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California voted to legalize marijuana: what you need to know

On Election Day, 56 percent of California voters gave their approval to Proposition 64, which legalized marijuana.

That means California (along with Nevada and Massachusetts) will be joining the five states where recreational pot is already legal: Colorado, Washington, Oregon, and Alaska.

So what does this mean for California residents?

First off, not all of the changes will come overnight. According to Amanda Reiman of the Drug Policy Alliance, the group that helped to write the initiative, it’s not yet legal to buy marijuana without a medical card, and it probably won’t be until sometime in 2018.

The state still needs to hammer out a lot of regulations, she said, so outside of areas that already have large and well-organized medical marijuana networks, there may be a wait.

However, as of November 9, the day after the election, Californians over the age of 21 can now possess, use, share and grow marijuana. Someone who already grows cannabis with a medical card can give a plant to a friend, or offer them marijuana that’s ready to use. But it cannot be bought or sold, even between acquaintances, until legal shops are cleared to open and state regulations on sales are in place.

Other things to know:

Where to grow cannabis

Marijuana doesn’t have to be grown in your home in some places, but many areas require that it be grown in a “enclosed and secure” space, and a few cities do have ordinances barring outdoor cultivation. That makes growing indoors the easiest way to obey existing laws.

How much you can grow

Each household is permitted to have no more than six plants at one time, no matter how many people live there.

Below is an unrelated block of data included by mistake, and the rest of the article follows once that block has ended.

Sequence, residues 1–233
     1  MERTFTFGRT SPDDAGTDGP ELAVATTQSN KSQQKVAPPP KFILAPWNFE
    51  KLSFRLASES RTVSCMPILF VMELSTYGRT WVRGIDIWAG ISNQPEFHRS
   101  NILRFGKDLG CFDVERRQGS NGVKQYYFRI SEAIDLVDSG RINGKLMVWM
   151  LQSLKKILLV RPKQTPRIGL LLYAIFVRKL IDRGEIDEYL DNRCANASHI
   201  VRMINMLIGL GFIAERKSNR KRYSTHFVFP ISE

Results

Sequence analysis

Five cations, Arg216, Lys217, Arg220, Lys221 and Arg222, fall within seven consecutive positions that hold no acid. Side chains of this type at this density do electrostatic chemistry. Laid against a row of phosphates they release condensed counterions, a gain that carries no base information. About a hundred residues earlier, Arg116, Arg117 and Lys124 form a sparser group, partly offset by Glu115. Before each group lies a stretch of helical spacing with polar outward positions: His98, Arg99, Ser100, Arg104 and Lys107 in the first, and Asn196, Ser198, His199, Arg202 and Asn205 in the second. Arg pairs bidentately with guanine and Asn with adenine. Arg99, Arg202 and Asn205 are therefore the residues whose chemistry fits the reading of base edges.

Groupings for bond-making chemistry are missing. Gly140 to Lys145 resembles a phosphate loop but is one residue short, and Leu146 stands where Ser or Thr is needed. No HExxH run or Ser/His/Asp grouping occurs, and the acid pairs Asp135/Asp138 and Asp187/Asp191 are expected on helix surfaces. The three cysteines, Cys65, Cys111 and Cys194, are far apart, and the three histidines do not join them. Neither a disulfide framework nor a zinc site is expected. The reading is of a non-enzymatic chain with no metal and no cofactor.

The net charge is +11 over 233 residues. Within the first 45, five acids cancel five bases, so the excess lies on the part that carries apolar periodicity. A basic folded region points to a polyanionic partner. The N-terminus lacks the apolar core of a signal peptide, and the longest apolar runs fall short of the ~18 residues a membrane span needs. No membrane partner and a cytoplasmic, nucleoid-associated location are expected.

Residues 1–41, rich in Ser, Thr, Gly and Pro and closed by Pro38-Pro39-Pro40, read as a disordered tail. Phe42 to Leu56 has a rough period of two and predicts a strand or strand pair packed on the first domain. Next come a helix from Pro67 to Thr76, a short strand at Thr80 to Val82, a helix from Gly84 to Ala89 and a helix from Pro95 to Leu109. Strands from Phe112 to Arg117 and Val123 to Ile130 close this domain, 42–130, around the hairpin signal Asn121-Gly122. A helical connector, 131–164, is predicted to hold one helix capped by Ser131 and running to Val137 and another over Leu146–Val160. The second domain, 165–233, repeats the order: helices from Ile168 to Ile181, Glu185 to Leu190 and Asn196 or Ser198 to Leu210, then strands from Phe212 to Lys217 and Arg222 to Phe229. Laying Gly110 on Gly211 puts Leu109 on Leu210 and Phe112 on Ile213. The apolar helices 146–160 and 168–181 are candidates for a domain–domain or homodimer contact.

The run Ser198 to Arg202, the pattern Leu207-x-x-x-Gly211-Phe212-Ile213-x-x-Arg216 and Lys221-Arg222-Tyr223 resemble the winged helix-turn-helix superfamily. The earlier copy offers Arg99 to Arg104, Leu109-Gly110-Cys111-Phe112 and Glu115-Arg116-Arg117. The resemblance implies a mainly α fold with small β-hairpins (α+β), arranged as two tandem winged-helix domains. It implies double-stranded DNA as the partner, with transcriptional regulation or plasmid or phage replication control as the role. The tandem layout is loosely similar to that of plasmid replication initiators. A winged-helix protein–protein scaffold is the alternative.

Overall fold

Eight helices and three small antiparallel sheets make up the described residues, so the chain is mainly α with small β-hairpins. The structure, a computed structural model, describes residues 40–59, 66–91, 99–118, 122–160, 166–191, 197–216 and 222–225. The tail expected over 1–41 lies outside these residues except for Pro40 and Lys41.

Where pot can be smoked or ingested

Weed cannot be used while driving, and it cannot be taken across state lines or on a plane. People under the age of 21 are not permitted to ingest or smoke cannabis anywhere. Adults may not ingest or smoke in public. Prop. 64 does allow for licensed on-site use at some businesses, but it’s unlikely licenses will be issued any time soon. In the meantime, private homes are the only legal place to consume marijuana at this time.

Criminal penalties

Starting on November 9, the penalties for using marijuana in California changed. Under the new law:

  • Some of those with criminal records related to pot possession will be able to have their records expunged, and if they are still serving a sentence, may be able to get an early release. However, this will almost certainly be limited only to activities which are now legal, not to those still illegal under the new law.
  • Juveniles (those under 18) will now be sentenced with counseling and community service if they are found to be in possession of pot, rather than jail time.

By Olivia Harvey, Staff Writer

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